GAO Report on Chetco Bar Fire

I’ll be interested in comments on the report from folks who know more about the fire than I do….

What GAO Found
The Chetco Bar Fire was first reported in July 2017, burning in the Rogue River-Siskiyou National Forest in Oregon. Because of the remote, steep terrain, initial Forest Service attempts to fight the fire at close range were unsuccessful. The fire grew slowly over the next month. Firefighters, directed by the Forest Service, responded in various ways, such as by constructing “firelines”—clearing vegetation—in an effort to stop the fire’s spread. In mid-August, strong, hot winds caused the fire to expand rapidly, from 8,500 acres to more than 90,000 acres over several days, threatening thousands of homes. Firefighters continued constructing firelines and dropped water and retardant on the fire to try to contain it. In September, the weather changed and cooler days and rain moderated the fire. Firefighers fully contained the fire in November (see figure).

Forest Service officials and stakeholders raised a number of key concerns about the Forest Service’s response to the Chetco Bar Fire. For example, some said that if the Forest Service’s response had been more aggressive, it might have kept the fire from growing and threatening homes. Forest Service officials said that in making firefighting decisions, they prioritized firefighter safety and considered the likelihood that a particular response would be successful. The agency has taken steps to improve decision-making for future wildfires, such as developing a tradeoff analysis tool to help decision makers assess firefighting options.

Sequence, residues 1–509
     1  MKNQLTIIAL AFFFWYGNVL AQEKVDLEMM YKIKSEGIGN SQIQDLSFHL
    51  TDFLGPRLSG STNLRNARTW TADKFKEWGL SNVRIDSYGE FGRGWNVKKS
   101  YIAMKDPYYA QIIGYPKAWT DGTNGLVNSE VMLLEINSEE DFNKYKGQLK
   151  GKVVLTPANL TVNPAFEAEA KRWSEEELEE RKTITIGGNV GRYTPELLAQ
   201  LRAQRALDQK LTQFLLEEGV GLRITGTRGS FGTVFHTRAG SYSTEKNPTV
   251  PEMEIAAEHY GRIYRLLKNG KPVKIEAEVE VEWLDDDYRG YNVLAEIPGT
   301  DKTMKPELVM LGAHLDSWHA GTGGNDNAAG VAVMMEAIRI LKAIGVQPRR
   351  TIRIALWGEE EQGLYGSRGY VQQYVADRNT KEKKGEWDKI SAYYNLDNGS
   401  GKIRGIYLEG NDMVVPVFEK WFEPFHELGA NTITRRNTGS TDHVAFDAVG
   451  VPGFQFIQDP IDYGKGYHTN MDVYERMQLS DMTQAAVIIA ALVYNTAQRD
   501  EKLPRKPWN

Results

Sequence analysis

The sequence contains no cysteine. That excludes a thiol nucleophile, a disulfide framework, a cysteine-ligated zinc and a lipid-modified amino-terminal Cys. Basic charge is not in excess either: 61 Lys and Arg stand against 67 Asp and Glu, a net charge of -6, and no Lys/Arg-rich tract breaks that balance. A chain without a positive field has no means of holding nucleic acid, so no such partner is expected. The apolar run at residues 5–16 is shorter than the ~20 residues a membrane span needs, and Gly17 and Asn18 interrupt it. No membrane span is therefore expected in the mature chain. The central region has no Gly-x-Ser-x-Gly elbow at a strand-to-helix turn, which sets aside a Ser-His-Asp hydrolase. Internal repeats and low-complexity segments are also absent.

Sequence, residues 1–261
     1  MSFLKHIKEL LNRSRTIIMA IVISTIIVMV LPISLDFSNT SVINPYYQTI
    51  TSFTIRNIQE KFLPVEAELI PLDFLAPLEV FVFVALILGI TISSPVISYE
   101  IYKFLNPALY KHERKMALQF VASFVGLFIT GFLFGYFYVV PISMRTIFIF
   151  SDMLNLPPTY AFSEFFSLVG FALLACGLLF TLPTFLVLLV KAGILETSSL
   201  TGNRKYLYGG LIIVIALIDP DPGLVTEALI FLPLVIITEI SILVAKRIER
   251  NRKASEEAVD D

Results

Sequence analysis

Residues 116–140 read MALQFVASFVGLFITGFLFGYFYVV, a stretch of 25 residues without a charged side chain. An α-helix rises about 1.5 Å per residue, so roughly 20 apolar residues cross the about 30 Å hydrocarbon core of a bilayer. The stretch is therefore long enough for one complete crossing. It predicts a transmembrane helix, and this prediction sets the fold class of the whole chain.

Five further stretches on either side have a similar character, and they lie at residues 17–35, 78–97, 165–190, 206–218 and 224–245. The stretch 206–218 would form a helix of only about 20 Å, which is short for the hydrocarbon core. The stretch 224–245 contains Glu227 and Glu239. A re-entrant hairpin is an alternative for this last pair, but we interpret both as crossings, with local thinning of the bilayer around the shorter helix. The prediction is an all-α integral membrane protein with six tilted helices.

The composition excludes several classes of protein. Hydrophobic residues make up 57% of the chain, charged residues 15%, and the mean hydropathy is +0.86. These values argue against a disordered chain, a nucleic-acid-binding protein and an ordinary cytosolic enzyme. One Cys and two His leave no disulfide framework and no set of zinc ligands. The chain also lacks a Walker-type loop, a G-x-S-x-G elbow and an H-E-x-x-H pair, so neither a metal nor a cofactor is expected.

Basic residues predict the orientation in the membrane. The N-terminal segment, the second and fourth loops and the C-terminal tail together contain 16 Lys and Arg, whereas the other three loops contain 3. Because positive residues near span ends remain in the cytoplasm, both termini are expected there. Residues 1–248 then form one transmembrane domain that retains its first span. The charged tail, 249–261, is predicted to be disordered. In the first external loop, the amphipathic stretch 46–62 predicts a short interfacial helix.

Forest Service officials, stakeholders, and documents identifed various effects of the fire. Some of these sources cited negative effects including destruction of six homes, damage to roads and trails, and damage to habitat for the northern spotted owl. However, the fire likely improved habitat for some species, such as woodpeckers that eat beetles that feed on burned trees, according to officials.

12 thoughts on “GAO Report on Chetco Bar Fire”